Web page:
A recent stream of the academic literature suggests that there might be discrimination against foreigners in the patent system. Firms of foreign origin may be treated unfavorably compared to local firms when filing for patent protection. Estimates suggest that foreign firms might be as much as ten percentage points less likely to have their patents granted than locals. This article takes stock of the literature. It explains what we know — and don’t know yet — about the issue. It targets intellectual property (IP) professionals, policymakers, graduate students, and anyone with a keen interest in IP, innovation, or technology protectionism.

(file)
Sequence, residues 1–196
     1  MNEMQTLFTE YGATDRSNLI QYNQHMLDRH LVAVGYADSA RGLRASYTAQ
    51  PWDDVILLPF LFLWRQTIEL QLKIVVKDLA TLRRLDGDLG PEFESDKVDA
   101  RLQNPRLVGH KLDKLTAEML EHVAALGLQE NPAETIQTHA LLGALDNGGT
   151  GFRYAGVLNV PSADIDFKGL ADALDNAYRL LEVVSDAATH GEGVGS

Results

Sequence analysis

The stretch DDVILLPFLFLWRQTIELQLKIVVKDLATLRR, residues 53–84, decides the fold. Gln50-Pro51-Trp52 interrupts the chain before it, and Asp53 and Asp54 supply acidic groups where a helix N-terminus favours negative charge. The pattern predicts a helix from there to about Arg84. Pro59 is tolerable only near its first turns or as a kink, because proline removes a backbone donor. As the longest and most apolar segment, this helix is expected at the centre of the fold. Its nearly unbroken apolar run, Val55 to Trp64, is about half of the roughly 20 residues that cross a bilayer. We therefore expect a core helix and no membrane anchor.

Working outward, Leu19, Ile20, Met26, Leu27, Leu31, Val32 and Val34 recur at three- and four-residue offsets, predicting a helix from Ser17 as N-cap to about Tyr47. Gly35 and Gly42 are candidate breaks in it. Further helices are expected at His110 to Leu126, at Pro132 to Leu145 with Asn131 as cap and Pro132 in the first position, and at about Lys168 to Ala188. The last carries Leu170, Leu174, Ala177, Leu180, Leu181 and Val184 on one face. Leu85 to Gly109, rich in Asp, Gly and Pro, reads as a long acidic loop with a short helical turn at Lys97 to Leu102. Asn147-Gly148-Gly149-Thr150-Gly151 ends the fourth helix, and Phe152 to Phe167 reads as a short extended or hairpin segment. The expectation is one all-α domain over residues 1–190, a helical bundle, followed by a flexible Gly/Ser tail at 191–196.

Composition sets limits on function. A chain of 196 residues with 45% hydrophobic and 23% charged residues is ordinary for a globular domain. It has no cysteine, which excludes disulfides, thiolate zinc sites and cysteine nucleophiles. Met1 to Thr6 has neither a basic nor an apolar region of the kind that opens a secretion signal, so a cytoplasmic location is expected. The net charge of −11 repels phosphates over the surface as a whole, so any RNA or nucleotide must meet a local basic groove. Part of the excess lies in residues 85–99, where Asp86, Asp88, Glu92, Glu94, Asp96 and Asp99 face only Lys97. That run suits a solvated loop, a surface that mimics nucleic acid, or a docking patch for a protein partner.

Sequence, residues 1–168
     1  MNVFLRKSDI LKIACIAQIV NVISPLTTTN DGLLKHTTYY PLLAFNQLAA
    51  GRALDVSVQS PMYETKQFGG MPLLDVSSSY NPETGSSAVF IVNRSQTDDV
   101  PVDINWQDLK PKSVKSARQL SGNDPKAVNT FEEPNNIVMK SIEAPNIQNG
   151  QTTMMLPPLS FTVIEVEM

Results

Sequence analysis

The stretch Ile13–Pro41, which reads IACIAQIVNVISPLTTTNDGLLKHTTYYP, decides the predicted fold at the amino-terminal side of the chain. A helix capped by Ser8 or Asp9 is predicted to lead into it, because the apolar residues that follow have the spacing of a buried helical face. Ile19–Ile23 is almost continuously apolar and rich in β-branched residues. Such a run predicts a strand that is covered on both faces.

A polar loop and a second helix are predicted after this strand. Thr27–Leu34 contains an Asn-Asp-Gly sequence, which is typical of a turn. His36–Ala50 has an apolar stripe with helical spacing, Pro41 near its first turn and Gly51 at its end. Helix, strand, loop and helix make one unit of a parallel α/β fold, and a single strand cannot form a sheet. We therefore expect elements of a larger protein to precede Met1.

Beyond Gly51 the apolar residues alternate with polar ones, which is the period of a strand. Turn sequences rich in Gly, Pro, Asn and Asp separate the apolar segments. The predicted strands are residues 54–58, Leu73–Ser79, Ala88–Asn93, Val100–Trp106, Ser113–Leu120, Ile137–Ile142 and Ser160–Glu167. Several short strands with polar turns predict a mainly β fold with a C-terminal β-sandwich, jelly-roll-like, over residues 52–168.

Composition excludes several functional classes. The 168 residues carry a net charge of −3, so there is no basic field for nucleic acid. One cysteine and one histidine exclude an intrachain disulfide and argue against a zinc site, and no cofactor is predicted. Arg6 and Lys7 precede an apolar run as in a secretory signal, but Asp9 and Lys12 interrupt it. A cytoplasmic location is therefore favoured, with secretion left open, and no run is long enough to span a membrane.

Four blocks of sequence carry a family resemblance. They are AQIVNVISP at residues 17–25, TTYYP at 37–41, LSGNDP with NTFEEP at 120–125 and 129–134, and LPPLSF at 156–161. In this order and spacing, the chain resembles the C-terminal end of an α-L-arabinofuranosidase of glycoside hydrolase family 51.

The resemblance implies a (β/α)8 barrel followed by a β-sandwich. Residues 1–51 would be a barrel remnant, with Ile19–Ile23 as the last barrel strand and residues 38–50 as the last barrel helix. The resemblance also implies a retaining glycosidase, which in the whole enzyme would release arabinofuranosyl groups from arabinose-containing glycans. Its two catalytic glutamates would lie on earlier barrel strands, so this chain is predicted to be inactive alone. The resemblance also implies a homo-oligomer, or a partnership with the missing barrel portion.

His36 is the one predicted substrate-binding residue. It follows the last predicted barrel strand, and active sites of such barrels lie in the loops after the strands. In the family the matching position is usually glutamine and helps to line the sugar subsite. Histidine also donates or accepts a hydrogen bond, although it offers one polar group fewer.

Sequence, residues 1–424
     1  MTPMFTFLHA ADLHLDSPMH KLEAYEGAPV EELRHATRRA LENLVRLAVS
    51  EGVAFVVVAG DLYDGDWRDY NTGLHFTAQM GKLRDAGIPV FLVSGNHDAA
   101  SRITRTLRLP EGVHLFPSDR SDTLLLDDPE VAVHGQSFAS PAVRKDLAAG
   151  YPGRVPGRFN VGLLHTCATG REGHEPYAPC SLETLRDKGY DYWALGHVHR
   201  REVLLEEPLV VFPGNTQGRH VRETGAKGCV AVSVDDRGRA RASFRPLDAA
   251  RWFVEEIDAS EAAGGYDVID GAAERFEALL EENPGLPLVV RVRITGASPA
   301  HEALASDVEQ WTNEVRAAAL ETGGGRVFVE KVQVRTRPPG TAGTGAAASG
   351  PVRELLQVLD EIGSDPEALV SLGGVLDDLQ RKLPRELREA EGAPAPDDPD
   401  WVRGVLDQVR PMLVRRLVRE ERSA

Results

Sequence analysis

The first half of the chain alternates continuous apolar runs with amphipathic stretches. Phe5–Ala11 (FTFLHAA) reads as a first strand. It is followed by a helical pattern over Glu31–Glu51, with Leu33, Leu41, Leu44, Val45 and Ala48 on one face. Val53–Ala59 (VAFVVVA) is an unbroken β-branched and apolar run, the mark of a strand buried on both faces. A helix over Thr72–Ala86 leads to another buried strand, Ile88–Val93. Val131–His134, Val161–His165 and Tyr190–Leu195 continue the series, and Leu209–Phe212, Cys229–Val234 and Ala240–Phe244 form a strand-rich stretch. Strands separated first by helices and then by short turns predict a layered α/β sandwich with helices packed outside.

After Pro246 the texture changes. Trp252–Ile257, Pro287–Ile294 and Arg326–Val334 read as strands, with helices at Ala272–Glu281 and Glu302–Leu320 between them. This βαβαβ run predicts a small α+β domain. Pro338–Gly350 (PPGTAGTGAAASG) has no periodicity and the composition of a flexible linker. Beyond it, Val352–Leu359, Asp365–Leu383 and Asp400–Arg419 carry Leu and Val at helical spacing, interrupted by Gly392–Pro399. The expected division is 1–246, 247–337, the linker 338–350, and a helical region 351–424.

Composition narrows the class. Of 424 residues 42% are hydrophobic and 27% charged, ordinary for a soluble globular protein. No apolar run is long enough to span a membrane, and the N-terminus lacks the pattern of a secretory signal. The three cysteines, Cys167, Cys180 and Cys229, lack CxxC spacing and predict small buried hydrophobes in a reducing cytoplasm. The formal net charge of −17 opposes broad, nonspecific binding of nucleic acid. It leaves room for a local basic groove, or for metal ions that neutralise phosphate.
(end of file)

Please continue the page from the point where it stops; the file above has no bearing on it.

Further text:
The national treatment principle

Using the patent system to discriminate against foreigners is as old as the patent system itself. The Patent Act of 1836 set application fees of $30 for U.S. applicants, $500 for any “subject of the King of Great Britain,” and $300 for all other persons. …

About

Gaétan de Rassenfosse

I am a Professor of Innovation Policy at Ecole polytechnique fédérale de Lausanne.

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